One of the problematic elements of World State is that each person plays a role in propping up the state’s maladaptive values through their complicity with its rules and systems, and the more people conform, the fewer are likely to rebel. By analyzing specific characters in Brave New World, one can begin to see precisely how complicity functions in a domino effect. Although almost all of the major characters have some physical or personality trait that makes them unconventional, most of them do not emphasize or exercise their difference in a way that challenges the reigning order. In fact, in order to minimize their differences or divergent desires, most of the characters seek some form of avoidance or sublimation, namely, the drug soma. As a result, despite their own personal moments of dissatisfaction and despair, the citizens of World State serve to perpetuate the very conditions that cause them distress.

Thesis Statement / Essay Topic #4 The Limits and Power of Technology in Brave New World
True to other works in its genre, Brave New World is intensely interested in the powers and the limits of technology. In its specific treatment of psychotropic drugs and genetic engineering, Brave New World was, in retrospect, ominously prescient. Huxley criticized a world in which people had to medicate themselves to avoid their true emotions, and he also criticized a social system that essentially manufactured human beings to fit certain social needs and interests. The world that Huxley predicted has come true. In this essay, the similarities and differences between the world Huxley described and our own society will be examined, and the powers and limits of technology will be discussed.

Thesis Statement / Essay Topic #2: Neologisms in Brave New World

One of the ways in which the authors of allegorical tales such as Brave New World create problematic future worlds and convey the difficulty of talking about those worlds is by devising a nomenclature that is specific to the futuristic environment. In Brave New World, the reader notices all sorts of neologisms, words that are comprised of familiar roots or references but which have been appropriated and given new meaning. Some examples of these words include “hypnopaedic," the “Podsnap’s Technique," and “soma." At the same time, authors take familiar words and challenge the reader to approach and interpret them differently by infusing them with new meaning. Together, the effect of these strategies is to create discomfort and even confusion in the reader, provoking him or her to question basic assumptions about the organization of society and the nature of our human relationships.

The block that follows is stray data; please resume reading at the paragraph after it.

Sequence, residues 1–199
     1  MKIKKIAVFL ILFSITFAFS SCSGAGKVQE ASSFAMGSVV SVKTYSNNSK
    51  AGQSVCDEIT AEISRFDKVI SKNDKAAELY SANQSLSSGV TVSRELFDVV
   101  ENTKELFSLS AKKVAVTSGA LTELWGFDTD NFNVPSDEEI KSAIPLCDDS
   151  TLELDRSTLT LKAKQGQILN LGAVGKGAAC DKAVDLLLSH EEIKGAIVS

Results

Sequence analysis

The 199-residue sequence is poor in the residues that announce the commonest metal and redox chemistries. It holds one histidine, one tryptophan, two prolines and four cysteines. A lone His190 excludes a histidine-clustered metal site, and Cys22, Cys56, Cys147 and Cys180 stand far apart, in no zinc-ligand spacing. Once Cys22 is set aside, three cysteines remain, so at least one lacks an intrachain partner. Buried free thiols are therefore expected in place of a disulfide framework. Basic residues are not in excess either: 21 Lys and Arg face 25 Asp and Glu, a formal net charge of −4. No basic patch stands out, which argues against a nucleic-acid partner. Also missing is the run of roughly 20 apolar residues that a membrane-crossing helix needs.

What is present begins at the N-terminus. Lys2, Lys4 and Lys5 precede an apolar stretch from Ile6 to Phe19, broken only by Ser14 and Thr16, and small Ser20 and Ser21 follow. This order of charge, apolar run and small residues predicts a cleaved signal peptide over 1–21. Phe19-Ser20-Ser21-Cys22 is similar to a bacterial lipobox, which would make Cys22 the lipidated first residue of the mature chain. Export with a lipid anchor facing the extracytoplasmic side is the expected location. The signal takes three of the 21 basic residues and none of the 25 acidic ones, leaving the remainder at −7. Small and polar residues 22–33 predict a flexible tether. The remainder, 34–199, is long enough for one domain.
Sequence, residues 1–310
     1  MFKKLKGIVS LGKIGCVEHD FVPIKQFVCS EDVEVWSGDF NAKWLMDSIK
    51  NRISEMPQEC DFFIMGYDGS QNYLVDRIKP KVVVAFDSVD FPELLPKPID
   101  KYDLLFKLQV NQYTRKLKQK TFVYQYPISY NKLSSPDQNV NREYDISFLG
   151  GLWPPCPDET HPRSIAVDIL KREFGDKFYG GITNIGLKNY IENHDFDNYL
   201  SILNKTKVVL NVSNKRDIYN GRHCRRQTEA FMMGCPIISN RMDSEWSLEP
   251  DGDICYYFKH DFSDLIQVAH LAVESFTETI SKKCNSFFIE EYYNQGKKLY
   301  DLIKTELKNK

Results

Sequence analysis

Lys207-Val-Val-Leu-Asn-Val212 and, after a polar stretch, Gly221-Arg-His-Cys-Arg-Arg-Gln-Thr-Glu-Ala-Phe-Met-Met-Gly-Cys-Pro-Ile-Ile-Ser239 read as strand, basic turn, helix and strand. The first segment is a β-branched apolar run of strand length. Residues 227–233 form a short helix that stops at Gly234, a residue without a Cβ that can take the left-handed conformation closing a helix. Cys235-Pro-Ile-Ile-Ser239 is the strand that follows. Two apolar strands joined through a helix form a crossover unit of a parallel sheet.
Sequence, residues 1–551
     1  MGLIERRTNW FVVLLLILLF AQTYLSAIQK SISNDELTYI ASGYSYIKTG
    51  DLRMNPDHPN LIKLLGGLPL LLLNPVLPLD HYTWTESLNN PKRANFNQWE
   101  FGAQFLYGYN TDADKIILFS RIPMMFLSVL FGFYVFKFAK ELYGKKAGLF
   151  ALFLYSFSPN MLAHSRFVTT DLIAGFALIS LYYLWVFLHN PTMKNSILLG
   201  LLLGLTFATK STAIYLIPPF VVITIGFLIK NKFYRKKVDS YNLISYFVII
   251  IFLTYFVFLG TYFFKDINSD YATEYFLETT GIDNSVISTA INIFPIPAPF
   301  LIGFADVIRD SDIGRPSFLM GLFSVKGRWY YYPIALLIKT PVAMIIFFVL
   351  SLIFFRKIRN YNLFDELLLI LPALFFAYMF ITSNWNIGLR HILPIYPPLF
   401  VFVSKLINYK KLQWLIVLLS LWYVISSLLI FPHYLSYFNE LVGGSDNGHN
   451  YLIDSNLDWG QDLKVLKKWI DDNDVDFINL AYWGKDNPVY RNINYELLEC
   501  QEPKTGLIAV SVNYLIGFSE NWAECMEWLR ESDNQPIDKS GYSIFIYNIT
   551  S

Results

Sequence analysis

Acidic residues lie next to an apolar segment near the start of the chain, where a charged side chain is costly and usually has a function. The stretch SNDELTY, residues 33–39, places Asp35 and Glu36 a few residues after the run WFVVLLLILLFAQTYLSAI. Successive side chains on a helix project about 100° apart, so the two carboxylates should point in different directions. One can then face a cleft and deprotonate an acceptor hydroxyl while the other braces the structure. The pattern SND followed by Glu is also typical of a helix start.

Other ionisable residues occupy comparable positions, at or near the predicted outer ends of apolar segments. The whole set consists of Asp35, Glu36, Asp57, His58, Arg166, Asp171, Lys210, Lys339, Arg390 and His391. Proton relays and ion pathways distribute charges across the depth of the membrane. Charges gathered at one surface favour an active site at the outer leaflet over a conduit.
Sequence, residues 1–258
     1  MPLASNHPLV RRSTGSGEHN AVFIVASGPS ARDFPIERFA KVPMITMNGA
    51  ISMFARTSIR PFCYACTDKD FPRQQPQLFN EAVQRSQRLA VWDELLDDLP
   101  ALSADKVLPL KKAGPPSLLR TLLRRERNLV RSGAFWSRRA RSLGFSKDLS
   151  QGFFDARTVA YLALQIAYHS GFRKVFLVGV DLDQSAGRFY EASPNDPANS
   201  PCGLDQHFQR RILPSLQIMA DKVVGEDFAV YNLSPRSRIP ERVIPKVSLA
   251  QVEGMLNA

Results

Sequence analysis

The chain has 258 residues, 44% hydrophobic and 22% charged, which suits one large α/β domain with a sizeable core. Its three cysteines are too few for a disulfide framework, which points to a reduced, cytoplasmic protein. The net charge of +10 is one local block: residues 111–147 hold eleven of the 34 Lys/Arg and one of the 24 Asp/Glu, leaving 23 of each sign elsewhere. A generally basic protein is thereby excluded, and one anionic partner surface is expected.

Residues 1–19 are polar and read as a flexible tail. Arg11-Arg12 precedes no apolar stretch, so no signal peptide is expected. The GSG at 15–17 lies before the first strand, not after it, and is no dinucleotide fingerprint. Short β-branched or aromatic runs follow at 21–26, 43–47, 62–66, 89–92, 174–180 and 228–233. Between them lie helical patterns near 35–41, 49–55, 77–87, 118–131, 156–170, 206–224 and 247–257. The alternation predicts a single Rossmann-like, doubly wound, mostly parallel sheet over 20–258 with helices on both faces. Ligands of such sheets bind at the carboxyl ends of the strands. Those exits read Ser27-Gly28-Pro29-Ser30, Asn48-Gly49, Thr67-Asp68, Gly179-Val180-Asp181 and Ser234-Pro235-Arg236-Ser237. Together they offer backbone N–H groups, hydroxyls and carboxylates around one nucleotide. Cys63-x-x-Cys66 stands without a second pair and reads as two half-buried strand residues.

* Here is a link to a great freely-accessible essay discussing many of these aspects of Brave New World *


This list of important quotations will help you work with the essay topics and thesis statements above by allowing you to support your claims. All of the important quotes listed here correspond, at least in some way, to the paper topics above and by themselves can give you great ideas for an essay by offering quotes and explanations about other themes, symbols, imagery, and motifs than those already mentioned and explained. Aside from the thesis statements above, these quotes alone can act as essay questions or study questions as they are all relevant to the text in an important way. All quotes contain page numbers as well. Look at the bottom of the page to identify which edition of the text they are referring to.

“Over the main entrance…a shield [with] the World State’s motto: COMMUNITY, IDENTITY, STABILITY." (3)

“For of course some general idea they [the medical students] must have, if they were to do their work intelligently—though as little of one, if they were to be good and happy members of society, as possible. For particulars, as everyone knows, make for virtue and happiness; generalities are intellectually necessary evils. Not philosophers…compose the backbone of society." (4)